Kauai

By Rachel Jamison Webster
We’ve come back to the site of   her
conception. She calls it why

and cries all night,
sleepless, wild.

It seems the way is always
floating and the goal —

to live so the ghosts we were
don’t trail us and echo.

I think we are inside a flower,
under a pollen of stars vast as scattered sand.

The air pulses with perfume,
flowers calling to flowers and the ferrying air.

But my eyes are thin and elsewhere.
I am thinking, maybe

even coming into the soul
is a difficult birth, squeezed by the body’s vise.

My bent legs like pincers
or the vegetable petals of some tropical flower.

Even my mind gripped by the folds
of   the flesh, how the cells keep twinning

themselves out toward complexity.
The tulip trees of   the valley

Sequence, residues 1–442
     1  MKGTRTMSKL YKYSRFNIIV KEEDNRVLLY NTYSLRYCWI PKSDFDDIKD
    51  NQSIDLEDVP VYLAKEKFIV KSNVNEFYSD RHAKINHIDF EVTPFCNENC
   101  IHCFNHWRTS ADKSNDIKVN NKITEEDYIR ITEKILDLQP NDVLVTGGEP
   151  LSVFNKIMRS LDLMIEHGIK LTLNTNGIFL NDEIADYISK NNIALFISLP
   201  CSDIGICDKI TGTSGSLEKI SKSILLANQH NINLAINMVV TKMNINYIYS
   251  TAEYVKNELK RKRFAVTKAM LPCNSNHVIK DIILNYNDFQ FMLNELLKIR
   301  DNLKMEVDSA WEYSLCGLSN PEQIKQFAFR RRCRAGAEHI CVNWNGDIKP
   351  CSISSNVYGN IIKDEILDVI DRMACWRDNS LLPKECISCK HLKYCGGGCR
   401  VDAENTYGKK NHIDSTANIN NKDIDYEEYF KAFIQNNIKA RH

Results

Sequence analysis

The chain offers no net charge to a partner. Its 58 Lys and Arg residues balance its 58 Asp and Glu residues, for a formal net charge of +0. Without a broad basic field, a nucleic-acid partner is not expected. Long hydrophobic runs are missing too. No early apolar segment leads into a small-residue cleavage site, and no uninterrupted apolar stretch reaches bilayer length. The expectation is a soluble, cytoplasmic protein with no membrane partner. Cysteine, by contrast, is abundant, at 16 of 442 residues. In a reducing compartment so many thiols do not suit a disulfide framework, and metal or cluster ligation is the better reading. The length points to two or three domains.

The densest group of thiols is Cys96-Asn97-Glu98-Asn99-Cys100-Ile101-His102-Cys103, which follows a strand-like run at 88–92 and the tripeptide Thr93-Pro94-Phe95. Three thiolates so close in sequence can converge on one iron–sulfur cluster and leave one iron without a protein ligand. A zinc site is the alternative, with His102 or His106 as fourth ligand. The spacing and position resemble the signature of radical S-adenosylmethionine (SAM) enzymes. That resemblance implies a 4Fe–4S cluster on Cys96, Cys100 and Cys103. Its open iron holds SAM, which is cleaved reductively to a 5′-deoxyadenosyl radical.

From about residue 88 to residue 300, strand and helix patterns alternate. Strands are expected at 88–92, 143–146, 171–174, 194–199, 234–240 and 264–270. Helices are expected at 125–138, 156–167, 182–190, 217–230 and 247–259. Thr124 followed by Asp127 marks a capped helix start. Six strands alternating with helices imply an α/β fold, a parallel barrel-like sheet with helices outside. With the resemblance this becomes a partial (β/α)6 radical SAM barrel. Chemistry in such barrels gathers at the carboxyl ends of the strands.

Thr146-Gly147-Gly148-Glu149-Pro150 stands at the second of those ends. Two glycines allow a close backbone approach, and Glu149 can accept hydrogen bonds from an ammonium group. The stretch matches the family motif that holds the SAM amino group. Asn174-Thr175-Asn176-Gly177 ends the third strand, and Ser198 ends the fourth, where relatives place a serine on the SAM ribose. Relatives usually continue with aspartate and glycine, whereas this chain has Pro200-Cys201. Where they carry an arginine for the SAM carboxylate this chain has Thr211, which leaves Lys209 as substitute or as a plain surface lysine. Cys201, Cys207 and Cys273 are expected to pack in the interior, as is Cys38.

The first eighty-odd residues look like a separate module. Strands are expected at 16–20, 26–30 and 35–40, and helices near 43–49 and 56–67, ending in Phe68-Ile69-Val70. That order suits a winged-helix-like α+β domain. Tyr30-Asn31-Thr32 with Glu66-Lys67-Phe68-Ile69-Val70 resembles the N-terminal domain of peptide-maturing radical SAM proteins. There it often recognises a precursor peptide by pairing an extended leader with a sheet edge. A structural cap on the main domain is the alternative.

spread their bone canopies into slick green leaves
and fire flowers deep as cups.

Their cups fill with rain, rain
drinks the leaves drinking rain.

I can’t begin to explain.
How on this porous peak of stone in the sea

our daughter came into me.
Little flick of a fish I could not see.

I was just learning to be human
and upright among all that life.

And what was real was stranger
than night with its dust of unnamed suns.

It was the beyond in us. And she was.

Source: Poetry (March 2013).

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Poet Rachel Jamison Webster

POET’S REGION U.S., Mid-Atlantic

Subjects Living, Birth & Birthdays, Life Choices, The Body, The Mind, Relationships, Family & Ancestors, Nature, Trees & Flowers

Poetic Terms Couplet